Kamchatka at Night

Kamchatka at Night

An astronaut aboard the International Space Station captured this photo during a clear night over Russia’s Kamchatka Peninsula. In this wintertime scene, snowy, moonlit mountains and lights from towns highlight geographic features in the sparsely populated region. At night, Kamchatka’s towns are easily identified from above by their illumination. By day, towns are hardly visible against the mountainous terrain.

Settlements tend to be located near the coast or along rivers in the interior. Toward the center of the peninsula, lights from small towns form a dotted line along the Kamchatka River. Near the coast, the brightest cluster of light is from Petropavlovsk (also called Petropavlovsk-Kamchatsky), the only large urban area in Kamchatka.

Adjacent to Petropavlovsk are Kamchatka’s most active volcanoes: Koryaksky and Avachinsky. Twenty-nine active volcanoes line Kamchatka’s eastern shore, and many more make up the Kuril Islands. The northeastern extent of this island chain, which stretches southwest toward Japan, is visible off the southern tip of the peninsula.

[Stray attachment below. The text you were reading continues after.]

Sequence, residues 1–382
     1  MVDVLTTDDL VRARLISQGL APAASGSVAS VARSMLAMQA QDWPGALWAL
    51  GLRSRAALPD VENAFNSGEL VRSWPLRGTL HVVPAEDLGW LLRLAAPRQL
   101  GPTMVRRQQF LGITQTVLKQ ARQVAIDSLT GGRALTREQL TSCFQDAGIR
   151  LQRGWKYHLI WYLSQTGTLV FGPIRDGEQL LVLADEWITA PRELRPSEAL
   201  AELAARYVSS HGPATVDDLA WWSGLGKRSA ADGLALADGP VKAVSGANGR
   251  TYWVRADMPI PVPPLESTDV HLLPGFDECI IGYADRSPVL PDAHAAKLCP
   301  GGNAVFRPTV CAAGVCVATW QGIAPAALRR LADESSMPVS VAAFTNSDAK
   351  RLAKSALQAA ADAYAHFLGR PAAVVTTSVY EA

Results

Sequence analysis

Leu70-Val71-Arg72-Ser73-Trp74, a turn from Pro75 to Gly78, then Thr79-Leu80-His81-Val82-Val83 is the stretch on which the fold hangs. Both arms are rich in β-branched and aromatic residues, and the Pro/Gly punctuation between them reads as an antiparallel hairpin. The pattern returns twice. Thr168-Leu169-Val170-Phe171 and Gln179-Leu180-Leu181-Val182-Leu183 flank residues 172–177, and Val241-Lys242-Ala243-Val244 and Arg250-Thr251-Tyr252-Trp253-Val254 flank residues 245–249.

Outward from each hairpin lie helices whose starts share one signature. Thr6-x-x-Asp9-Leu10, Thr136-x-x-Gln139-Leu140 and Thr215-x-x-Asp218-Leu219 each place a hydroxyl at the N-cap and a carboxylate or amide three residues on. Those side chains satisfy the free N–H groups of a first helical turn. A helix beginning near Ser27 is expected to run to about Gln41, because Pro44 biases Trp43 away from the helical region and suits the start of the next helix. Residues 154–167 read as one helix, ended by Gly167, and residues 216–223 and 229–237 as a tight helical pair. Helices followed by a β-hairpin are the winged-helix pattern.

The mountain peaks appear brighter white than the river valleys, indicating that more snow was present at higher elevations at the time of this photo.

Astronaut photograph ISS070-E-51671 was acquired on December 31, 2023, with a Nikon D5 digital camera using a focal length of 24 millimeters. It is provided by the ISS Crew Earth Observations Facility and the Earth Science and Remote Sensing Unit, Johnson Space Center. The image was taken by a member of the Expedition 70 crew. The image has been cropped and enhanced to improve contrast, and lens artifacts have been removed. The International Space Station Program supports the laboratory as part of the ISS National Lab to help astronauts take pictures of Earth that will be of the greatest value to scientists and the public, and to make those images freely available on the Internet. Additional images taken by astronauts and cosmonauts can be viewed at the NASA/JSC Gateway to Astronaut Photography of Earth. Caption by Andrea Wenzel/Jacobs-JETS II Contract at NASA-JSC.